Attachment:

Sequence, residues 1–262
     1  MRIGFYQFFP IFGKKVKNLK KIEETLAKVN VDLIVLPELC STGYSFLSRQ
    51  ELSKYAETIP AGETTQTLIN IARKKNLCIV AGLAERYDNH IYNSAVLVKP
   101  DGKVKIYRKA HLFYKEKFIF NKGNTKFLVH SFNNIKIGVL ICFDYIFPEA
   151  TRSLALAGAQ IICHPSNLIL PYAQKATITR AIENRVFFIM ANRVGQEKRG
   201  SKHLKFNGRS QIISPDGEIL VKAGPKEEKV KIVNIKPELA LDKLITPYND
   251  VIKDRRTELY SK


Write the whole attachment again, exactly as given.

Sequence, residues 1–262
     1  MRIGFYQFFP IFGKKVKNLK KIEETLAKVN VDLIVLPELC STGYSFLSRQ
    51  ELSKYAETIP AGETTQTLIN IARKKNLCIV AGLAERYDNH IYNSAVLVKP
   101  DGKVKIYRKA HLFYKEKFIF NKGNTKFLVH SFNNIKIGVL ICFDYIFPEA
   151  TRSLALAGAQ IICHPSNLIL PYAQKATITR AIENRVFFIM ANRVGQEKRG
   201  SKHLKFNGRS QIISPDGEIL VKAGPKEEKV KIVNIKPELA LDKLITPYND
   251  VIKDRRTELY SK